Tuesday, November 9, 2010
On the Mother of all Churches in Christendom
Today, the Church marks the Feast of the Dedication of the Basilica of St. John Lateran. Originally called the "Basilica Salvatoris", it was the first church in all Christendom, built on property owned by the Laterani family, hence the name Lateran. The dedication to the two Sts. John, John the Baptist and John the Apostle/Evangelist, came later.
So, just why is the anniversary of the dedication of this particular basilica so important to the Universal Church? Recall that since its inception, the Church has faced persecutions, particularly severe ones. When the Roman emperor Constantine gave Christianity its legitimacy, after nearly four centuries of violent persecution, there weren't any buildings dedicated for worship. The Holy Sacrifice of the Mass had been celebrated in people's homes or in catacombs. The Lateran basilica, then, marked the first time that an actual church had been officially dedicated and consecrated for public worship. That is why St. John Lateran also bears the additional title of "Mother" Church of all Christendom.
Another reason exists for the universality of this particular feast. While Christians recognize the familiar dome of St. Peter's Basilica and generally most of the liturgies celebrated by the Holy Father take place there (or in its piazza), it is not the Cathedral Church of the Bishop of Rome. Even though the Chair of St. Peter is displayed high above the sanctuary at St. Peter's Basilica, the cathedra (the Bishop's chair, symbol of his teaching office) resides at the Lateran Basilica, the Cathedral Church of Rome. When the Holy Father makes a dogmatic, infallible declaration, he does so from this cathedra. The last time such an infallible, dogmatic declaration was proclaimed was back sixty years ago. In 1950, Pope Pius XII solemnly declared the infallible teaching of the Church on the Assumption of the Blessed Virgin Mary.
While it might be a little hard to detect, the cathedra stands front and center of the Cathedral Basilica's sanctuary. Long-time EWTN viewers will also note that the Evening Mass of the Lord's Supper takes place at the Lateran Basilica, as well as the Mass to mark the Solemnity of Corpus Christi (although, this particular liturgy generally takes place in the esplanade of the church).
Today, the Church presents us with readings that are taken from the Ritual Mass for the Dedication of a Church. The Gospel account from St. John recounts Jesus' visit to the Temple. It is not necessarily a pleasant visit that God makes to His own house. Jesus witnesses the disrespect shown within the confines of the sacred space of the Court of the Gentiles, the area of prayer reserved in the Temple for non-Jews who have come to believe in and worship the God of Israel. Moneychangers and livestock vendors pretty much profaned this area, turning it into a money exchange and animal store. Jesus took whips and cords and drove the moneychangers and vendors out (NB: next time someone asks "what would Jesus do?", this story should come to mind).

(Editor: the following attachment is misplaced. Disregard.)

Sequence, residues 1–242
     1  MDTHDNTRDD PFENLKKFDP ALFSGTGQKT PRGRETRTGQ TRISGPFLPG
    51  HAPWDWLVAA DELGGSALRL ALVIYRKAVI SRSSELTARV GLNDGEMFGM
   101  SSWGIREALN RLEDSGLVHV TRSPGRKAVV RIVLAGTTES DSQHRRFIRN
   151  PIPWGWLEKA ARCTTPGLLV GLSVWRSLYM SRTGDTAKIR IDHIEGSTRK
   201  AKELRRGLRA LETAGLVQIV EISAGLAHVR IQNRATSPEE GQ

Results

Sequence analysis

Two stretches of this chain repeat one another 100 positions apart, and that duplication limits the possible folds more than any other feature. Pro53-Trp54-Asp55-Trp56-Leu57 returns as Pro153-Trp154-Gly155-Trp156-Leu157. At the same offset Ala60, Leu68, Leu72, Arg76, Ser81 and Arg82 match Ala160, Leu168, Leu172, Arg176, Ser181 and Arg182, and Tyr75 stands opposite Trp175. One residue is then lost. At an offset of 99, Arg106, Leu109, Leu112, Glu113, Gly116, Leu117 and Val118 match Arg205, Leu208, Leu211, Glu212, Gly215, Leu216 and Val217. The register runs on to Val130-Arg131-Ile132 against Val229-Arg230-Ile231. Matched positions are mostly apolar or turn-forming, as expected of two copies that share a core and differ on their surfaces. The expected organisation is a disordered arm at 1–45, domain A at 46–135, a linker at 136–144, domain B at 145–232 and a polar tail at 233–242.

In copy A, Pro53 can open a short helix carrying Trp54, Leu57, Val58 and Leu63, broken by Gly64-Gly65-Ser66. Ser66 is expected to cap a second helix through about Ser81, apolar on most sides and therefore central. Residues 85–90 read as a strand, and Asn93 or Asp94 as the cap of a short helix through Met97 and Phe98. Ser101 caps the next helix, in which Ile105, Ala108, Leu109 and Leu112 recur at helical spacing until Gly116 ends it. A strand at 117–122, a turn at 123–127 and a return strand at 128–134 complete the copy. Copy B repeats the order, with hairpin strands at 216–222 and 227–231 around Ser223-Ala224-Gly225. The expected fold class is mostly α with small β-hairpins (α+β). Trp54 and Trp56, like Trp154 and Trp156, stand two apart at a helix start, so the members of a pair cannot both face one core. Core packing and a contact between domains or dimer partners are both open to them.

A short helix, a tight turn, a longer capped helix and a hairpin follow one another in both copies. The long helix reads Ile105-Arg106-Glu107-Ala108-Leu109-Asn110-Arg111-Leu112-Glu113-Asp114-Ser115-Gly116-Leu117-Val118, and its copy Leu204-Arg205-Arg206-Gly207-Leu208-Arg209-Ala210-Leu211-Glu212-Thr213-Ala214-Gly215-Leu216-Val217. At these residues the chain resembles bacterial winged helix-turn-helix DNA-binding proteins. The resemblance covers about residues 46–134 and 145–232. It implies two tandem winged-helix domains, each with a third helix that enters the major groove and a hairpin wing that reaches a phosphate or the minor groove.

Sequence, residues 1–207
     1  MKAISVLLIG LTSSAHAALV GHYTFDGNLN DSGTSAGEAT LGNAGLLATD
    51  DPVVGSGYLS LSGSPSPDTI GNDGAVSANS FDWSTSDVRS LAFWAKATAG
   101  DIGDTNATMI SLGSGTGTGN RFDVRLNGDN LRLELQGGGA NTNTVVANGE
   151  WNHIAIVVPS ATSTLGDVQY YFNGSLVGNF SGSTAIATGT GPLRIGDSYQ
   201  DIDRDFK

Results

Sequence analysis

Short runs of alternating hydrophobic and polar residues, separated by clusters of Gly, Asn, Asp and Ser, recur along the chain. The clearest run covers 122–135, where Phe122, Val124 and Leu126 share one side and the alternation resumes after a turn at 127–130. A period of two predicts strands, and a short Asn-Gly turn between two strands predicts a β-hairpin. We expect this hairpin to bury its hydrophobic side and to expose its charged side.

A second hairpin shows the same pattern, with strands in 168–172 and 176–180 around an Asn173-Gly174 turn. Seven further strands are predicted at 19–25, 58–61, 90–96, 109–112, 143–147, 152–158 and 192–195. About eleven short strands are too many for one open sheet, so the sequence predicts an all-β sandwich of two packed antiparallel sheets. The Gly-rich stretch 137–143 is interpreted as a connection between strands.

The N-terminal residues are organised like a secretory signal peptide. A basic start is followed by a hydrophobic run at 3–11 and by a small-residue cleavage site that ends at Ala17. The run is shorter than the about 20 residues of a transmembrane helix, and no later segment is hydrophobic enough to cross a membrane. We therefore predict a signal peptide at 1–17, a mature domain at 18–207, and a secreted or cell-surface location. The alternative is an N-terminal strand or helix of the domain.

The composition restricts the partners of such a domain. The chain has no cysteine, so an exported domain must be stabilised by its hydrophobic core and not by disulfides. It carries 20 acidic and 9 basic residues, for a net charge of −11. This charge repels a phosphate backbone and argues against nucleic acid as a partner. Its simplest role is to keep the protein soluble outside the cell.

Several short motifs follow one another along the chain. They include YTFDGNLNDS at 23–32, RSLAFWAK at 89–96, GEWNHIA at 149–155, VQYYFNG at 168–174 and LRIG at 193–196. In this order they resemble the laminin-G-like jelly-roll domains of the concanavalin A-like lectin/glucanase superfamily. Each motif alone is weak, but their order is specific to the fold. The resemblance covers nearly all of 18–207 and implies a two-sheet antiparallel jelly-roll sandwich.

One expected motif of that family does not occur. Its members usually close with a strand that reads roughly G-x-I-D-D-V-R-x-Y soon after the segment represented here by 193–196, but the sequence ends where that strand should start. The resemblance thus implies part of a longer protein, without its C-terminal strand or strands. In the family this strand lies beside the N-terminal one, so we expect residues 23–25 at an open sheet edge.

Because both our pastor and parochial vicar were out of town, we had a visiting priest celebrate Mass for us. I admire him greatly and am rather fond of him. Unfortunately, I think that he had an off-day. He started his homily by giving us a brief, though, somewhat misunderstood, history of the Lateran basilica. While he correctly stated that the Lateran basilica was the Cathedral Church of Rome, there seems to be a misunderstanding of the concept of the Chair of Peter and the Cathedra. Sadly, the homily turned into a tourism promotional piece. He opined that of the four basilicas of Rome, his favorite was Santa Maria Maggiore. He also did a Q & A session wherein he asked us the name of the current successor of St. Peter. He also asked if any of us knew why the popes no longer lived at the Lateran Palace. No one knew that answer. He then concluded his homily by announcing to the faithful that he would be leading a pilgrimage to Italy in 2012 and one of the stops would be Rome.
I sat there perplexed. While I am involved in a committee that provides guidance to our local convention and visitors bureau, this kind of tourism plug is not quite what I was looking for in a homily. Today's readings offered so much rich and beautiful material on which a homilist could expound to his heart's content. The symbolism of the waters from the Book of Ezekiel could be taken to mean both the waters of Baptism and the water that flowed from the side of Jesus and how all of this comes to play in the Church. Jesus' actions in the Temple remind us that sacred space must be respected and maintained. I just wasn't expecting an ecclesiastical Travel Channel episode.
While our visiting celebrant was preaching, I recalled the first time our bishop sat down with us to set his Cathedral Mass schedule. He was very adamant about wanting to celebrate the Feast of the Dedication of the Lateran Basilica at the Cathedral. He was also just as determined to also celebrate the Feast of the Chair of St. Peter. He seemed to understand the close link that both of these feasts form between Rome and our litle diocese in the South Texas hinterland.
If I should ever join our visiting priest on his pilgrimage and we manage to make it to the Lateran basilica without killing each other, I should think that once I enter this great Church, I will be very much at home because, as a Catholic, I claim the Lateran as my church, too.